automatically deducted Votes from AMLO's totals or added them
to Calderon's as the votes were received -- to ensure that
Calderon led from the moment the first returns were reported.
Although the PRD conceded that as an unofficial count, the
PREP was of no legal value, it argued that the Calderon camp
and its apparent co-conspirators in IFE manipulated it to
portray Calderon in the lead from the very beginning, thus
establishing the public expectation that Calderon indeed was
the winner.

3. (SBU) Supporting its allegation, the PRD argued that in


an election as close as this one, AMLO and Calderon would be
expected to have alternated in the lead for much of the
count, until a sufficiently large and representative portion
of the vote had been counted to establish the candidates'
definitive trends. The PRD argued that since Calderon
consistently led in the PREP from the outset, the PREP must
have been manipulated.

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5. (SBU) In a statistical analysis of the returns, Aparicio


took this explanation one step further, noting that of the
approximately 130,000 casillas nationwide, approximately 70$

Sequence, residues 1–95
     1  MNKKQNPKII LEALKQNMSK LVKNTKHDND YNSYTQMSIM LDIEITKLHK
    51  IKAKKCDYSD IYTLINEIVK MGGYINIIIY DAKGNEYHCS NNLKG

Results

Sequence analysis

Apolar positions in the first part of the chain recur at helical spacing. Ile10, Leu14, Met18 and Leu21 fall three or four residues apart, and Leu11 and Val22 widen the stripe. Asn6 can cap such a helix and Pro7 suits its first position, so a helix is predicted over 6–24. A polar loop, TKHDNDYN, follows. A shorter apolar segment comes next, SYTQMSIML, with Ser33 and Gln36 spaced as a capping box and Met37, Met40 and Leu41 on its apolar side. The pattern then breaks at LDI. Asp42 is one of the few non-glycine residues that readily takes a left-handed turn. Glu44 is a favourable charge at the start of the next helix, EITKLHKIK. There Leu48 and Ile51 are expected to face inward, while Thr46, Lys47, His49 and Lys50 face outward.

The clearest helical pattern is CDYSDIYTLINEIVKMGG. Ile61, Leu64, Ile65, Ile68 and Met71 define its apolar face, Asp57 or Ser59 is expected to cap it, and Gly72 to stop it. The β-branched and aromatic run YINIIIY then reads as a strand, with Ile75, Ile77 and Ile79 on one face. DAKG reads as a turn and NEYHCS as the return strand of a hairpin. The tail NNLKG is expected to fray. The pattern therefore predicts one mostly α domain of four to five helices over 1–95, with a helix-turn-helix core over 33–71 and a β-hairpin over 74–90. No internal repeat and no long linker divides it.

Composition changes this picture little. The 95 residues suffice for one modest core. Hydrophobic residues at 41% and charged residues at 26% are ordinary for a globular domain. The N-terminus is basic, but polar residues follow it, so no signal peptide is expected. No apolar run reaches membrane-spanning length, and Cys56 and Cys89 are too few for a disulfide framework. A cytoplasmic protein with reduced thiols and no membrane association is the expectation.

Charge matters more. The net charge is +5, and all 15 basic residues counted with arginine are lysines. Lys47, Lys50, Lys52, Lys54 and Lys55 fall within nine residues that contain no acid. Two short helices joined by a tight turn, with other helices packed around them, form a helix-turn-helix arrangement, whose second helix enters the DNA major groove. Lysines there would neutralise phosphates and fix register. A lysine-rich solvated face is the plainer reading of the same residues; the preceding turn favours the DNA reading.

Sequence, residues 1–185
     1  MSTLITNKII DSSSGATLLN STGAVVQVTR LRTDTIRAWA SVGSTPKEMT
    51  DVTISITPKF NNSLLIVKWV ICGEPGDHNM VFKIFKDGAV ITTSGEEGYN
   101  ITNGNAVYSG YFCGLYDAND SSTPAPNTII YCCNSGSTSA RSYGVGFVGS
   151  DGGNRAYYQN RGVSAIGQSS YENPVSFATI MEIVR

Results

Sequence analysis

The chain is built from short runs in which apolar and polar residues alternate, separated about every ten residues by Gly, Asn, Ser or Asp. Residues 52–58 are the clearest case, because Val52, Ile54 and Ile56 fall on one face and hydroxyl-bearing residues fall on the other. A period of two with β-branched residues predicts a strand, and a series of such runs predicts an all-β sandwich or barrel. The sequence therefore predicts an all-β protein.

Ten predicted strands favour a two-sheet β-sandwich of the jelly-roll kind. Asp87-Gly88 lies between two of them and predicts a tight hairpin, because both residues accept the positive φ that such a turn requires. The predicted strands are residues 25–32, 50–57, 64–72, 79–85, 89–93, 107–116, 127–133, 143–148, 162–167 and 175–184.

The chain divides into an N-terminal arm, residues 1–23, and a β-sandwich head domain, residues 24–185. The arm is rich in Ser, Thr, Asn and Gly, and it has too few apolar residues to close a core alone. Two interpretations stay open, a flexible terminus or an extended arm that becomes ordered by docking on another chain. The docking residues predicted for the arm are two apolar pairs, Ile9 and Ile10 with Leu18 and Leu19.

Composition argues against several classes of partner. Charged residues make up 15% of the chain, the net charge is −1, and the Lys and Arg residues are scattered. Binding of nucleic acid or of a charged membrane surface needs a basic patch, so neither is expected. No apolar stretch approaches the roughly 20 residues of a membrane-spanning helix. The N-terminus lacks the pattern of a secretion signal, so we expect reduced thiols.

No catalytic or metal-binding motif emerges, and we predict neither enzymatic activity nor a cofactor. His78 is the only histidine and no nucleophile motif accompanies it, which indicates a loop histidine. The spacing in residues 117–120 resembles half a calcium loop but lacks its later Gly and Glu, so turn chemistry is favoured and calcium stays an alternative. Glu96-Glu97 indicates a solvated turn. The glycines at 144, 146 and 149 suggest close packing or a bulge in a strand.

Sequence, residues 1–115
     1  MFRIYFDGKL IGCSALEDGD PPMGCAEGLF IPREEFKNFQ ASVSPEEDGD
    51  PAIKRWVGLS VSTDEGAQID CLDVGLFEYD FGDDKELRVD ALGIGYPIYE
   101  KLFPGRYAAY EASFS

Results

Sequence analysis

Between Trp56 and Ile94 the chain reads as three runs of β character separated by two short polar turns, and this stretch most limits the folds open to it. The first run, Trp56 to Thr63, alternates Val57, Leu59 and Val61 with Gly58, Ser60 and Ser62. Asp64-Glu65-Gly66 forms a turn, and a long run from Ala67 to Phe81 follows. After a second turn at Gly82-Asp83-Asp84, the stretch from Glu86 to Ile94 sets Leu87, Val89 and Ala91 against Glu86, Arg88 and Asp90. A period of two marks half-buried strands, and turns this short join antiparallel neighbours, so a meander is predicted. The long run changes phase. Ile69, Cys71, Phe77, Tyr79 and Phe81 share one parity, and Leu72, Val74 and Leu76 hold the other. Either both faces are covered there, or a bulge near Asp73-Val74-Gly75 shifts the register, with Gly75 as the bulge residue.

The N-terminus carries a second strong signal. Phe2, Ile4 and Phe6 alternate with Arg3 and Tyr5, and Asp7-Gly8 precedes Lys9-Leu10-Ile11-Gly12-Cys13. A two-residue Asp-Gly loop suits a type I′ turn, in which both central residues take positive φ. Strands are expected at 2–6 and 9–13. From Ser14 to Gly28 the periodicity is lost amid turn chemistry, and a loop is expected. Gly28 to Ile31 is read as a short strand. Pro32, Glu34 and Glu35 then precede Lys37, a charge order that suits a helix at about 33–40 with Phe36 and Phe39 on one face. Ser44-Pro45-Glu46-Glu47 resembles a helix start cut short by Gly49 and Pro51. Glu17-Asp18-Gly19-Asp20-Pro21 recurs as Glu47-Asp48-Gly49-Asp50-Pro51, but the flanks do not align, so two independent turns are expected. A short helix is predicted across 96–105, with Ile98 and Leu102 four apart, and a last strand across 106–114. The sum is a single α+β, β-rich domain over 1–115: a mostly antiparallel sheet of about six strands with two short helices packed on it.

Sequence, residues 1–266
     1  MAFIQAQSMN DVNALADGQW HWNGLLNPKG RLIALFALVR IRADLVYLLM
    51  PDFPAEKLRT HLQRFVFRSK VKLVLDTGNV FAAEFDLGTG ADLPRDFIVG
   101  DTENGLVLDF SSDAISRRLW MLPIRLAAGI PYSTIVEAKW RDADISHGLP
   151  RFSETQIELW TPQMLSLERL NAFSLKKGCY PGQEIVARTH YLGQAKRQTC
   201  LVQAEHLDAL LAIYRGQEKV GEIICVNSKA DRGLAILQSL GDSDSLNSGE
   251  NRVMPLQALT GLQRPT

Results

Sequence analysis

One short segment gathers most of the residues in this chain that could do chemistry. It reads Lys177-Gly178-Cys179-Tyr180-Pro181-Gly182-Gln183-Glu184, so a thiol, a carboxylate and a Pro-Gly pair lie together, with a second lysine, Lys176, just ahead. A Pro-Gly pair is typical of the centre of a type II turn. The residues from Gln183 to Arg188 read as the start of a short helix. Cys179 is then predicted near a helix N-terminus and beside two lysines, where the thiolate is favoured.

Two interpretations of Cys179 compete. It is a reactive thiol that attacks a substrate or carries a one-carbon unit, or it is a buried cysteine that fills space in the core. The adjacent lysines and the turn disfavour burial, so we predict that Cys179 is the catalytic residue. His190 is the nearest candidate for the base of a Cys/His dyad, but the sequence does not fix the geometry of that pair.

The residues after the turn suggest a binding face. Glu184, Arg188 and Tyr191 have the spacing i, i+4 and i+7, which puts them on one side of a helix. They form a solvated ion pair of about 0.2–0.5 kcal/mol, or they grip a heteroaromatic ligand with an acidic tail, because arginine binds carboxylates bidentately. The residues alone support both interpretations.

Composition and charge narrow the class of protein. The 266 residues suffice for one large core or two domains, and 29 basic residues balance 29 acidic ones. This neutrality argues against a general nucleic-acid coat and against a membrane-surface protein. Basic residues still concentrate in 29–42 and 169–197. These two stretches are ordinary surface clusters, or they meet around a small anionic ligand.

were in urban areas, where Calderon had a 2.2W advantage, and
30% in rural areas, where AMLO had a 4.4$ advantage. (Note:
Aparicio noted that although AMLO enjoyed a strong advantage
in Mexico City and some Mexico state urban areas, together
they represented only 15% of the urban vote nationwide, not
enough to overcome Calderon's advantage in Mexico's numerous

other urban areas. End note.) Aparicio found that urban


precincts reported their results considerably earlier than
rural precincts: by midnight, approximately 50% of all urban
precincts had reported their results, whereas only 25% of
rural precincts had. Such a phenomenon is not surprising:
election workers in rural precincts had to travel far longer
distances to deliver their tally sheets to the nearest IFE
district office, and often were unable to do so until the
following day. As urban precincts reported their returns
more quickly, and as Calderon beat AMLO in the urban vote
nationwide, it is to be expected that he would take an early
lead in the returns, which shrank as pro-AMLO rural precincts
reported.

Winning the "Lost" Vote

6. (SBU) On the day after Election Day, AMLO provoked


controversy when he charged that IFE "lost" approximately 2.5
million votes, which had been omitted from the PREP totals
(ref B). Later that day, IFE President Luis Carlos Ugalde
explained that such votes had not been lost; rather, by prior
agreement with all the parties, tally sheets with errors or